Flux of a Movement

There’s a moment captured on film that simply, yet perfectly shows the flux of shifting attitudes about gays and lesbians. This summer’s much-hyped The Kids are Alright showcases the joys, trials, complexities, and simplicities of raising a family in modern America. When the family’s teenage son realizes his moms are going to stay together despite a rocky period in their relationship, he cracks a satisfied smile. Nodding with approval over their decision to remain a couple, MGMT’s “The Youth” is queued. Audiences understand that the kids of same-sex couples ARE alright.

Gay/Straight Alliance-me with ICT musician Justin France (photo by David Quick)

The youth, indeed, are starting to change! But that change is recent, and the future is still very much in flux.

It’s no secret that over the past decade, a cultural shift has taken place among the millennium generation that has lead to an overall change in attitudes toward gay people.  Most under the age of 35 view their LGBT peers as equals. They see their same sex relationships as being on par with their own hetero-romances.  Polling data shows that nearly 2/3 of young adults support gay marriage, but this social transition is much deeper than any poll could ever pronounce.  At the time of this writing, the U.S. Senate has failed to repeal “Don’t Ask, Don’t Tell” and Proposition 8 remains on stay in California; gays remain barred from both military and matrimony.  Yet, something progressive is afoot in the culture. As I write, I wait for musician Justin France to join me for dinner. He’s a 26 year old straight man, and fast becoming one of my closest personal friends.  This gay/straight alliance is a pairing that is not so uncommon anymore.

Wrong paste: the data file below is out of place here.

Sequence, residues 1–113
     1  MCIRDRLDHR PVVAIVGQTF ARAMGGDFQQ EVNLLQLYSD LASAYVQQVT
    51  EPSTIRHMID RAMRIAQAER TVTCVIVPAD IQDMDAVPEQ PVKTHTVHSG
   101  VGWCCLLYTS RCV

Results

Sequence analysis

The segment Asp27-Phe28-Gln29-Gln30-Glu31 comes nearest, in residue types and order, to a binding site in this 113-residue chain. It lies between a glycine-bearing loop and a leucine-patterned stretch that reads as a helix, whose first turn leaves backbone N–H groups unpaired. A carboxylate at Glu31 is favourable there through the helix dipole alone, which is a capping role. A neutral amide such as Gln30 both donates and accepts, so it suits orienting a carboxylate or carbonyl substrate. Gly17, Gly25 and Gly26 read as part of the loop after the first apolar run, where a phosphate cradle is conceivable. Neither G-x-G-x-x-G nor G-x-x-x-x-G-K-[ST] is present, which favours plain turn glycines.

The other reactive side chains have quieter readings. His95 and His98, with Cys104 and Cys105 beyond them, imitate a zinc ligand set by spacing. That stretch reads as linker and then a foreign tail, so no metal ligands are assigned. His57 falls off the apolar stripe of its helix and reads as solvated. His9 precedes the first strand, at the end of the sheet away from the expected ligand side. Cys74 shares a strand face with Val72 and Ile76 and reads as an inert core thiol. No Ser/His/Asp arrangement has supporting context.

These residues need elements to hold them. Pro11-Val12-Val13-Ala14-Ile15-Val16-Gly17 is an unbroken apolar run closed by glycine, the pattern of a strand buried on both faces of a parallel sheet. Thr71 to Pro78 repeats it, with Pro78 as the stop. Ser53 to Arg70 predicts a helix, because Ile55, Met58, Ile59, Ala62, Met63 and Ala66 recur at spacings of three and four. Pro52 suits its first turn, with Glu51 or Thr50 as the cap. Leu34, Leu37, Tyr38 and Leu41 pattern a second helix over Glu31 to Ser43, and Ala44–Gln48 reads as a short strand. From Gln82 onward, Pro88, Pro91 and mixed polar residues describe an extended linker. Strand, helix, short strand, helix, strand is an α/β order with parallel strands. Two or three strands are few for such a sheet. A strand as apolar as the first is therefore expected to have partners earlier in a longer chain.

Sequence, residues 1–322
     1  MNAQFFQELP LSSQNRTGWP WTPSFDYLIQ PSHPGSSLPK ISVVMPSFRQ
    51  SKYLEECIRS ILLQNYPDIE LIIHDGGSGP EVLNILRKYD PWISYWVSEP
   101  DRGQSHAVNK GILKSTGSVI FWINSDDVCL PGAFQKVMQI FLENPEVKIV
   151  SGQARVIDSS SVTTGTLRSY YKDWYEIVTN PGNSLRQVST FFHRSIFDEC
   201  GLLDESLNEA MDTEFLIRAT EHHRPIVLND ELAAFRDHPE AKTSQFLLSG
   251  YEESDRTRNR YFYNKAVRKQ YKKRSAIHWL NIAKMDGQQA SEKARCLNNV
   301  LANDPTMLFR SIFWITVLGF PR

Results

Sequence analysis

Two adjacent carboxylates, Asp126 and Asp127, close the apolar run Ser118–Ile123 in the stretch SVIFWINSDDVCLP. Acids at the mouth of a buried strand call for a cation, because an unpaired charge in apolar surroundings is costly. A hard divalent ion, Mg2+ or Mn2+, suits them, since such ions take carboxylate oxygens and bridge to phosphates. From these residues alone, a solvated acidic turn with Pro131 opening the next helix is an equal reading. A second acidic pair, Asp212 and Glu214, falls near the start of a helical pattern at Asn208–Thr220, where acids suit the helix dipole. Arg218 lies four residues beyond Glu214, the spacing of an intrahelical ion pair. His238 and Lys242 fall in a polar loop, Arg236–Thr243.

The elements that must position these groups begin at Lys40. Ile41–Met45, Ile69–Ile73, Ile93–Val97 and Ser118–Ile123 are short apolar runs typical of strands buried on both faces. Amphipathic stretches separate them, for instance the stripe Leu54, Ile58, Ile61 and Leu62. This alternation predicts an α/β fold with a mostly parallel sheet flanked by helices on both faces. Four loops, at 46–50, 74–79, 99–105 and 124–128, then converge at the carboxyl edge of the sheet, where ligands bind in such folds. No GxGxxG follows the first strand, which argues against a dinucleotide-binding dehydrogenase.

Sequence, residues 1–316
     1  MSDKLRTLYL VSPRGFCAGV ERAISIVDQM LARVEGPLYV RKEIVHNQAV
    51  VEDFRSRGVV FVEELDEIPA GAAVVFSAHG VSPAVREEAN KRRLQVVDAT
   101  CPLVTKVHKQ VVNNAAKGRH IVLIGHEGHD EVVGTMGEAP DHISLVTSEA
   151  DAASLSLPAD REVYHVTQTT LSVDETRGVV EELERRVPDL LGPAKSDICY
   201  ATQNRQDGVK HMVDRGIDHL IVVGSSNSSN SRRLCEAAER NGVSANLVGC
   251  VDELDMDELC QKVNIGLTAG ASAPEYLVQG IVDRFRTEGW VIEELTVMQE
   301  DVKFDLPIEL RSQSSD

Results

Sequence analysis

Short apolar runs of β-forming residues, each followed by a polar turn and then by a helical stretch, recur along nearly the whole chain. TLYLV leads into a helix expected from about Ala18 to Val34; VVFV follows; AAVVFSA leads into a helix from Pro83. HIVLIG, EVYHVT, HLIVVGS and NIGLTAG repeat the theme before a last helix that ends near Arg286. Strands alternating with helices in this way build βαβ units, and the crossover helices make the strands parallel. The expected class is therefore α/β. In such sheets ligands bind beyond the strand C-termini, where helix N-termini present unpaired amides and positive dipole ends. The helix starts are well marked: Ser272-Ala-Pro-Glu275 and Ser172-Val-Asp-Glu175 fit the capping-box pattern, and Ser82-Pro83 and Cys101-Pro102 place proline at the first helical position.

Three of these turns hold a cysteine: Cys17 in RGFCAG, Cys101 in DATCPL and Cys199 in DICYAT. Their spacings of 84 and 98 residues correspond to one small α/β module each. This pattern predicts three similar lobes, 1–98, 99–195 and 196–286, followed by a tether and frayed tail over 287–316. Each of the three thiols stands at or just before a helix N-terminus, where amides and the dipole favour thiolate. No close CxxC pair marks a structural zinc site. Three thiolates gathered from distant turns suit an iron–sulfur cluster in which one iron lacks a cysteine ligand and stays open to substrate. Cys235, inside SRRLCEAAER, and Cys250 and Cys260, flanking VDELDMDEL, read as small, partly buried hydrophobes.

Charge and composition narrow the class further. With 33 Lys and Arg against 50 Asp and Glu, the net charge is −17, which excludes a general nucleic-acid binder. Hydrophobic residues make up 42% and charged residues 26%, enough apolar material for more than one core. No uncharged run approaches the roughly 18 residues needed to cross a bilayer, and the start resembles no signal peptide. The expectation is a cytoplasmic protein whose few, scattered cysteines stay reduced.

It turns out that social barriers, not legal hurdles, were the most significant change to unfold for gay people during the 2000’s. No longer relegated to socializing solely in bars with other gays, we were able to form real friendships with straight men and women, integrating into the culture at-large.  That’s what happens when closet doors open. We end up in a post-Will & Grace world where we can be whole people instead of just gay people. How many of you who are heterosexual have a dear friend of another orientation whom you can’t imagine not having in your life? Your life, too, would be different without this social flux!

A flux is a precursor to change, and while socially we’ve made progress, legally we lag behind.  The kids are alright until tragedy puts their family in limbo. With most states not giving any legal recognition to same-sex couples, the death of one mom doesn’t always mean the surviving parent will get custody. The youth have to make change happen. Telling a pollster you support gay marriage and then going to get a drink with your gay best friend is great, but it’s not enough to ensure that this flux gives way to a permanent state of fairness.

You have to vote, advocate, and demand. And then vote again! If we do, this generation can finish the change!


Gay Civil Rights. Black Civil Rights.

ImageGay civil rights, black civil rights. Same issue, same struggle, right? Not so according to one very introspective ICT African American lesbian. Though she had to conceal her real name and identity, “Gail” offers a stripped down glimpse into what it means to be gay and black in Wichita. She was kind enough to share her “naked” thoughts with all of us.

“Drawing parallels between the experiences of African Americans and those of gay Americans is a common misnomer made by white people,” Gail said. “We need to dig deeper to understand the differences in culture that result in different racial communities treating their gay and lesbian brothers and sisters differently.”